After rounding Cape Malia we anchored before sunset in the wide south bay of Elafinisos. Clear shallow water in a huge arc framed long

with parrot in charge

soft grey beaches which were busy with Greeks enjoying themselves under their sun parasols. Superyachts equalled small yachts in numbers, a few dozen of us swinging slowly on the anchors as the night airs changed directions a little under a crystal sharp clear sky. There were no shore lights at all to stop us spotting more stars. We found the faint smudge of the Pleiades – the seven sisters. When I was a sea scout I could see six of them, but not now. (Follow Orion’s belt upwards past Aldebran. )

Next day it was only four hours motoring westwards in a gentle head wind to Porto Kayio. On a long straight course like this we use Bungalow Bill, the autopilot. So called because I got the original Raymarine sytem upgraded to work when I phoned the number in the ring binder of product details that came with the yacht. It was 30 years old then. A friendly gent called Bill answered, explaining that he had retired long ago. “But you only need the compass part of it,” he said. “That will save the cost of a new system.” As he put the phone down after I disturbed him I imagined him back on a bench in his bungalow veranda. He would be holding a gin and tonic, sat between Lord Lucan and Elvis Presley. At the rail would his horse Shergar be tied up ….

The straight line of the course took us to a big bay hidden behind a headland. Although there was plenty of room it was hard to decide where would be safe to anchor because of the expected strong wind later from the north. We anchored in 4 metres near the few shacks and beach bars where families of Greeks were on holiday .

In the evening the noise of loud hooting came from a convoy of cars which dropped off a bride in a wide white dress onto a small quayside. She was taken with her black bearded groom aboard a large three masted square rigged yacht. They soon sailed away, hopefully on their dream honeymoon. What could possibly go wrong…. ?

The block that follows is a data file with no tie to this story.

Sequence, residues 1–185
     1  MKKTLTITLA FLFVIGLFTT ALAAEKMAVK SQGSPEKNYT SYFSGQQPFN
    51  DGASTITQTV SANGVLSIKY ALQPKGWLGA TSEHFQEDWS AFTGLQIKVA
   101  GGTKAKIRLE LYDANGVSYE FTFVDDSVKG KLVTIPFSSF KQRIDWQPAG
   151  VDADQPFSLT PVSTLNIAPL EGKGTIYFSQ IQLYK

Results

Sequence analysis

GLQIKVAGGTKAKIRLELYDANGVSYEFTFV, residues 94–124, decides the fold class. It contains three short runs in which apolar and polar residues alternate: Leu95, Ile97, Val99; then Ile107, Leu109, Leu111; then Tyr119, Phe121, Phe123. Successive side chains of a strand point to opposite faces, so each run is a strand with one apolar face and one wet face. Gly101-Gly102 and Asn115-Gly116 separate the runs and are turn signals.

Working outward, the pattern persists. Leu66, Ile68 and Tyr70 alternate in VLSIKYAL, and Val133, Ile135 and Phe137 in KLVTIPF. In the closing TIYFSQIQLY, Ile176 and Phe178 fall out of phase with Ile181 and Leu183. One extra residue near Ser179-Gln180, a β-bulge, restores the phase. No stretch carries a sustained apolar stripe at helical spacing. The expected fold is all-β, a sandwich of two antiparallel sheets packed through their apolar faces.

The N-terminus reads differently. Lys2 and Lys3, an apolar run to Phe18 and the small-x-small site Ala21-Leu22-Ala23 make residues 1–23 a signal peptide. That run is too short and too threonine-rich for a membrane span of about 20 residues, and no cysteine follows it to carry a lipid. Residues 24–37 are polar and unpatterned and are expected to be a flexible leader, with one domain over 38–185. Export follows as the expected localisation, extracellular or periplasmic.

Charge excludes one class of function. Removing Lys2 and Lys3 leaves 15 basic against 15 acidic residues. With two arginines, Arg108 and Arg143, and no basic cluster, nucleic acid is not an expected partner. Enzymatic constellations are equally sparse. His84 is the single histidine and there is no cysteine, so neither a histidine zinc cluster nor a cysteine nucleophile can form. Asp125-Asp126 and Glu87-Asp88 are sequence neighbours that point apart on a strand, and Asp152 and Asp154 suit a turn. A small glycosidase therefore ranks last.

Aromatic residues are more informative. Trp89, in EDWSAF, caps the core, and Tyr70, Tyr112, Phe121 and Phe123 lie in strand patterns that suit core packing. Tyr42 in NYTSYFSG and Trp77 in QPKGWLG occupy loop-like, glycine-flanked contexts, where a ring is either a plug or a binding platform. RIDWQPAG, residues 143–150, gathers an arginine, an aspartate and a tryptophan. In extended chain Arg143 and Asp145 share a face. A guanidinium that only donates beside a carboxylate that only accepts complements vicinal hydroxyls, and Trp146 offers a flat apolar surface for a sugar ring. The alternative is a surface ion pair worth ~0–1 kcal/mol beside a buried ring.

This is what happened over 100 years ago when a sailing honeymoon in another age came to a tragic end. When we rounded Malia we saw the site of a hermit’s final home. He was a captain who lost his ship and his bride at the cape. He never left the ledge where he built a shack with an open window. In it he sat staring out to see, not departing.

Parrot has learned some phrases from coaching sessions.

“ Moving on then….”  Or “drawing a line under it”. These will come in handy if we too have a mishap? Our children have been told not to bother to bring us home if we perish abroad. A small cross in a far off place will do nicely.

On the grey beach of Porto Kaio was a semi derelict row of fishing hovels.  A summer trade of visiting yachts brought enough income for a few of them to be converted into tavernas, and we tried one out. The squid was a bit tough, and the salad was undressed, Not at all made with love. We had an argument about wanting tap water but after words had been exchanged we think they simply tipped bottled water into a jug.

We did catch the vegetable man in his van, tooting as he parked. We watched catamarans and cheeky French boats coming in too close to the shore ignoring the safety issue that it’s a swimming beach. The large catamarans had arrived late, making us hemmed in and we could not lay out our preferred full 60metres of chain. Then, for the first time this trip, our anchor dragged as some afternoon squalls came down from the gap in the mountains. The cliffs were hundreds of metres high, and looked formidable in shades of spectacular anthracite grey.  We were surrounded mostly by dark peaks that in places were partly green.

The wind increased from the north to 30 knots.  We could not anchor further out because the depth dropped steeply. So we re-anchored more safely upwind nearer the cliffs with all the chain out. Then after dark the near gale became stronger as the katabatic wind accelerated down the mountain. We swerved from side to side, the gusts changing violently because of another feature of being below a pair of mountain peaks – the venturi effect. This causes the wind to focus into an even greater strength as it curves around a peak from both sides. In Porto Kaio our anchor held, but I stayed up most of the night, just in case we were swept onto the many downwind yachts. As the wind turned more east it lined us up so that a 70 ft white schooner became downwind of us. The more I looked at it the more I convinced myself that the wind had now laid our anchor chain over theirs. Suppose they left in the dark?